Tuesday, October 05, 2004

Vice presidential debates: tie

John Edwards was up against a much more difficult opponent tonight than Kerry was last Thursday. It's a win for the Kerry campaign that Edwards was able to hold his own. This debate was much more substantive than the joint press conference debate held on Thursday.

Though the VP debates in 2000 and 2004 both contained a lot of substance, this was a lot different in nature. Edwards is Kerry's attack hound (when Kerry isn't on the attack himself), and Cheney put away the nice old uncle suit and brought his Darth Vader outfit.

The debate covered a wide range of issues, including gay marriage, Iraq, and AIDS. Especially telling was the issue of Cheney's lesbian daughter and the topic of gay marriage, where Cheney had to reconcile his love and respect for his daughter while saying she doesn't have the right to marry. Edwards was equally weak on the topic when he said that gay couples should have the same potential privileges of married couples (e.g. arranging funerals, visiting in hospitals), but not be "married." I'm still trying to figure out where the candidates stand on that one. The only real thing I got is that Cheney is begrudgingly for an amendment banning gay marriage and Edwards is against it. I liked Edwards statement that the Constitution should not be used to divide people.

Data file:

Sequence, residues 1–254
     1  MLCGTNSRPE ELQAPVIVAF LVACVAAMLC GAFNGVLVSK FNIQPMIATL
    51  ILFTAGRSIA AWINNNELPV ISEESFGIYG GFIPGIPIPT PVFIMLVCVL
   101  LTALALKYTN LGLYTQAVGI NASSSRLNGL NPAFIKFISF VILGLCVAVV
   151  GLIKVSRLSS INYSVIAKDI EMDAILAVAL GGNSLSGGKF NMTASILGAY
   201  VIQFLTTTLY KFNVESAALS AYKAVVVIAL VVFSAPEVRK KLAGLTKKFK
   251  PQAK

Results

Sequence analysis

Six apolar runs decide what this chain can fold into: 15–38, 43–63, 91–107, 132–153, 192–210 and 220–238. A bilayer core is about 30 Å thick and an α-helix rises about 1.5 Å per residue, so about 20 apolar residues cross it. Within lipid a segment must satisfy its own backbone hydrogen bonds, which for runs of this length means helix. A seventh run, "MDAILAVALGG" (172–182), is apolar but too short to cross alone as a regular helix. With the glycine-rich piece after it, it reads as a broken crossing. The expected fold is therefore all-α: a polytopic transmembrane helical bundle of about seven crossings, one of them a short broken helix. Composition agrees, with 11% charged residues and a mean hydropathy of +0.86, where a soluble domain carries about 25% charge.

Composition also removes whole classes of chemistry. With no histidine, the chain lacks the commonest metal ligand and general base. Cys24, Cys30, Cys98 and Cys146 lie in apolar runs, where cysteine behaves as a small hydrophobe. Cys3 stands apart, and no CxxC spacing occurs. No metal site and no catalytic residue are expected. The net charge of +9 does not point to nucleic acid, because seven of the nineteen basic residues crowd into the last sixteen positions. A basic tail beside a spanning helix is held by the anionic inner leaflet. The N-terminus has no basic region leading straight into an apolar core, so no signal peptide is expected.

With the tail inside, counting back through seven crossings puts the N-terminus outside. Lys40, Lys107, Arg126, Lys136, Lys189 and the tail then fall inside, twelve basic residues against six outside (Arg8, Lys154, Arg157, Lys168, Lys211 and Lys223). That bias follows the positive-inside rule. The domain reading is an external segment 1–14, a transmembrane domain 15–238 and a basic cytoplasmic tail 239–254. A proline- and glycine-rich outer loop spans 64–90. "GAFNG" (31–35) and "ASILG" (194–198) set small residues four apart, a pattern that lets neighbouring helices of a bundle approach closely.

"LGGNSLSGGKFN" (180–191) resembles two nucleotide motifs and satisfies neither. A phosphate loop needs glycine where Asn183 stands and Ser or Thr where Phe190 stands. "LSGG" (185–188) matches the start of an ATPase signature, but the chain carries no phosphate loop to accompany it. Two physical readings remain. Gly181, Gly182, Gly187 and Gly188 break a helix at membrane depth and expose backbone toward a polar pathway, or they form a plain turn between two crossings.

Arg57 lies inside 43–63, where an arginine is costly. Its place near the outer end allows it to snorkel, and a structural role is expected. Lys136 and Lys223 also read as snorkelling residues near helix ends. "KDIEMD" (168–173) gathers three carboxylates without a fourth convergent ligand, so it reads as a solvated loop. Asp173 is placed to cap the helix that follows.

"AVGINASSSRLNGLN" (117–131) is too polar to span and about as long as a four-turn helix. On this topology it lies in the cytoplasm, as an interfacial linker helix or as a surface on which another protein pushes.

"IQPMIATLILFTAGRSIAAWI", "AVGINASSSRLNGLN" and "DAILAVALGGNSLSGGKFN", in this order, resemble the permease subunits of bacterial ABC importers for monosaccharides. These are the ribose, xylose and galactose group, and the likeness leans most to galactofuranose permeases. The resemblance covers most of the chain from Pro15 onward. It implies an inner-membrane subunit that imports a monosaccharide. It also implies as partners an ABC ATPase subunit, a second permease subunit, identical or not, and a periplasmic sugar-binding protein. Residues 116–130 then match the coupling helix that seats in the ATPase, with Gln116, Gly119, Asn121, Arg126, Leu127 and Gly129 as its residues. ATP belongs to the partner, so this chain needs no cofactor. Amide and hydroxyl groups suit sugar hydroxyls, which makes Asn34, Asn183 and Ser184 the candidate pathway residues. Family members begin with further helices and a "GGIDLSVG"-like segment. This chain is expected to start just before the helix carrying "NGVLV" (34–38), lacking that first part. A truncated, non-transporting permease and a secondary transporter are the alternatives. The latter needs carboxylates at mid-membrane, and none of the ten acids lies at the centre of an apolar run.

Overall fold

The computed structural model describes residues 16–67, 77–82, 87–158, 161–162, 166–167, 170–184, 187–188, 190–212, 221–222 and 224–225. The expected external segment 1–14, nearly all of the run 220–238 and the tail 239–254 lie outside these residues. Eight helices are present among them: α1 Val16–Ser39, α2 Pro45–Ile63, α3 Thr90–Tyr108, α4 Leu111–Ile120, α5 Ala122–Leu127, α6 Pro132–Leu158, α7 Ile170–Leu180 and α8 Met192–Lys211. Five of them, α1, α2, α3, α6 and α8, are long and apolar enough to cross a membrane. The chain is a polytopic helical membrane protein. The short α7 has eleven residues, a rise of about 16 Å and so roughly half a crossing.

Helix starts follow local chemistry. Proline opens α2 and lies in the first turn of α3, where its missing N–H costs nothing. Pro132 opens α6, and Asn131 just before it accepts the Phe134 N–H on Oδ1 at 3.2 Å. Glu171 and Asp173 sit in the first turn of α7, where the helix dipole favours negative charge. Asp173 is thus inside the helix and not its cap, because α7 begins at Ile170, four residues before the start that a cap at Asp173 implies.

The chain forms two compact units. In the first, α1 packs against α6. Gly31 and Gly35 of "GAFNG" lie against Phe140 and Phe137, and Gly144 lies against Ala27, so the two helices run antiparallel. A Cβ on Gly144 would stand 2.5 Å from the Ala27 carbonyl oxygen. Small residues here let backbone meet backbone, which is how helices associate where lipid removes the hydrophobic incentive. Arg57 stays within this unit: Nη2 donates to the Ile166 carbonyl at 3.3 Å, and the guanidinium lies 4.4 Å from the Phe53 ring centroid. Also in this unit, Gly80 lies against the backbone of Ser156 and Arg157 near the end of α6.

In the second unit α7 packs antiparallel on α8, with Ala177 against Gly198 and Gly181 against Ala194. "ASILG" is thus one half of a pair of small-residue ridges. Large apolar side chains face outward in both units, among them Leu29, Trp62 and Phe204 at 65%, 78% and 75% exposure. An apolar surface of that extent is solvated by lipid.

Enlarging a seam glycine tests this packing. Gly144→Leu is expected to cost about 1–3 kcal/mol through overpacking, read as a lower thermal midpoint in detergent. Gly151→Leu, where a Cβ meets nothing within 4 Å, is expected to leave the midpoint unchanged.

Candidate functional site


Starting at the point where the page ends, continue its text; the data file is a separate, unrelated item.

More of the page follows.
On Iraq, Edwards was more substantive than Kerry was last Thursday. However, I'm still unclear as to the difference between the two contenders in their plans on handling Iraq.

The issue of tax cuts is where the campaigns seem to have the starkest contrast. Cheney continues to defend the borrow-and-spend strategy of the "compassionate conservatives" of the last four years. Edwards mentioned rolling back tax cuts for those who make >$200K per year and closing loopholes for companies that outsource jobs overseas. This really seemed like playing the class warfare card, but it at least addresses the budget. The problem with Edwards' argument is that the government never creates jobs in the private sector. The private sector does, if it can. I'd like to see where the Edwards campaign cuts spending.

On healthcare, Cheney defended the biggest disaster (Medicare reform) since regulation began. Edwards responded by villianizing drug companies, but he used his rhetorical devices effectively. I'm not clear on the differences in the candidates in tort reform and the right to sue; it seems that John Edwards thinks that's not too much of a problem. I don't work in that sector of healthcare, so I couldn't tell you. The anecdotes sure do make the problem sound huge, though.

Critiques: Cheney was there to defend Bush and attack Kerry. He did so with a sneer most of the time. Edwards was there to hype up Kerry, and at times went overboard. This was especially comical when the moderator asked for differences between the candidates without mentioning the top of the ticket. Edwards mentioned Kerry at least twice, and then laughed each time.

Brilliant strategy of the evening: Edwards kept reminding the audience of Kerry's solid win last Thursday.

Cheney: B
Edwards: B
Advantage: Kerry/Edwards